So how do I feel about my nook; I absolutely love it! To be fair however, had I received a functioning Kindle, I would have felt the same way about it, I am certain. I think the Kindle has deficiencies with the lack of a touch/color interface and the side loading documents ability. However, that screen kills the battery as I stated. The reason for liking the separate touch interface is that you don't want to touch your e-ink screen; I don't see how Sony's all touch interface e-reader is going to be popular when you are smudging your read screen all the time, though I must admit I would like to try one out.

The nook is comfortable in all sorts of positions, laying in bed, on the couch, holding it next to you; even laying it away from you and increasing the font so that you could read without holding it. I highly recommend a reading light, especially if you had grown accustomed to reading LCD screens in the dark (my kindle program on my Android phone.)

It is rather frustrating, I would have preferred a Kindle simply because I was impressed with Amazon customer service when my Kindle malfunctioned.

I do recommend the nook. It would be nice if they would lessen DRM restrictions so I could buy books from Amazon or any other place for that matter.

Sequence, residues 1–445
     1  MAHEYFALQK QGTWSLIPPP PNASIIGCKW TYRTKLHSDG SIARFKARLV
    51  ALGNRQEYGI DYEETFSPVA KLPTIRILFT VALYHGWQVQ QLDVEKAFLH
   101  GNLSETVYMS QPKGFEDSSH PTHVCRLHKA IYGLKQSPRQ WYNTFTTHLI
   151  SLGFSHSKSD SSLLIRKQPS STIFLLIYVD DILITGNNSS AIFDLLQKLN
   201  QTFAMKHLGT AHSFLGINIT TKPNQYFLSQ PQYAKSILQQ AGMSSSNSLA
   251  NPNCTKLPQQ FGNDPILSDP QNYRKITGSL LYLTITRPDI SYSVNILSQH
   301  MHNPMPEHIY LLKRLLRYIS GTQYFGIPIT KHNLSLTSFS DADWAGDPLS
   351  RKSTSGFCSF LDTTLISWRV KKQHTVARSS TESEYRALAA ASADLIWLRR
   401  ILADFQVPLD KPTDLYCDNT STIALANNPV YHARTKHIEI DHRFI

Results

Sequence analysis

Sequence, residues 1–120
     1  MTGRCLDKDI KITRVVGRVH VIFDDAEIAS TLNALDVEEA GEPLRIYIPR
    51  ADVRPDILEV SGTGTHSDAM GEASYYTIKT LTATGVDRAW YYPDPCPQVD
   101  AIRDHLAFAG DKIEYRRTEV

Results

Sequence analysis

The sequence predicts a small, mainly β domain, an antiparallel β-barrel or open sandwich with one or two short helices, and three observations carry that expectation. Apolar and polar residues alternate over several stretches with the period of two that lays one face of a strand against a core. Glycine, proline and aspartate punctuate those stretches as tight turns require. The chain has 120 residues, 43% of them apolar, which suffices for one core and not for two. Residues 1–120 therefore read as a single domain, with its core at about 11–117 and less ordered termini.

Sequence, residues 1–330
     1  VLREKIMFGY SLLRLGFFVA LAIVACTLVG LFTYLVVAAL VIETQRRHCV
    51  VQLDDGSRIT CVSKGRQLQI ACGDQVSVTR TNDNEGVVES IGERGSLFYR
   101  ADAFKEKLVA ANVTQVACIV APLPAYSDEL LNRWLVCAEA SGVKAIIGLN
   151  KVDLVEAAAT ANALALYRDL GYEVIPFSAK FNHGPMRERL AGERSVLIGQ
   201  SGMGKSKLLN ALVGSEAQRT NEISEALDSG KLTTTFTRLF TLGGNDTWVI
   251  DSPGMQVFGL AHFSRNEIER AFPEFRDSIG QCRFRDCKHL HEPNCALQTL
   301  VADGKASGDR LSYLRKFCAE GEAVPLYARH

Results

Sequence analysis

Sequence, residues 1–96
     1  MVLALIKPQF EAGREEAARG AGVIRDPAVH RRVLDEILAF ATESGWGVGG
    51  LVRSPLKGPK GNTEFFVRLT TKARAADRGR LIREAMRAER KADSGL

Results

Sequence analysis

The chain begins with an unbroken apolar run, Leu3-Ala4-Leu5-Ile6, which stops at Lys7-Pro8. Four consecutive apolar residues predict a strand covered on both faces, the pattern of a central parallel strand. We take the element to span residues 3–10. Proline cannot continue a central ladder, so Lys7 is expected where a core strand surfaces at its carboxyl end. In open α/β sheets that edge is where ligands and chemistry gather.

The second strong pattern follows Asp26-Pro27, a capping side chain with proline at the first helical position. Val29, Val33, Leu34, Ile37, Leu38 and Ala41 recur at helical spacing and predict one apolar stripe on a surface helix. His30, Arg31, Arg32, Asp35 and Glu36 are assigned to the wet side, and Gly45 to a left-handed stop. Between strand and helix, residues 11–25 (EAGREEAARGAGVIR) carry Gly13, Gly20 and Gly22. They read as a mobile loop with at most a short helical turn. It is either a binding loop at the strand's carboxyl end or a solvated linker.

Sincerly
R
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on September 9, 2010
I wish I could give this so many more stars than 5. I totally love this thing. I started with a Kindle 3, didn't like it at all, returned it and got the Nook. I love it so much. I actually have trouble putting it down. The touchscreen rocks and makes it's so easy to navigate, I have an iphone so I'm touchscreen spoiled lol. I think this was my main issue with the Kindle. I hated the Kindles buttons and struggled navigating on it then along came the Nook and it's color touchscreen saved me. Don't think twice, grab yourself a Nook and melt away in hours of pleasurable reading.

Also I saw lots of complaints that the Nook unit was slow, maybe cuz I have the 1.4 update installed? It seems fine to me, so I believe all the negative reactions are to the original unit prior to updates.

Edit: I left a 1 star review of the Kindle and got attacked by people calling me names and liar cuz I said I liked the Nook better. I deleted the review to avoid further harrashment.
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on December 26, 2010
My journey towards owning a nook took kind of a strange path. I'd been excited to an e-reader, and when I was asked what I wanted for the holidays, my immediate response was a Kindle. I hadn't done any research, knew nothing about it other than it was the only e-reader I had heard of due to commercials, conversations, etc.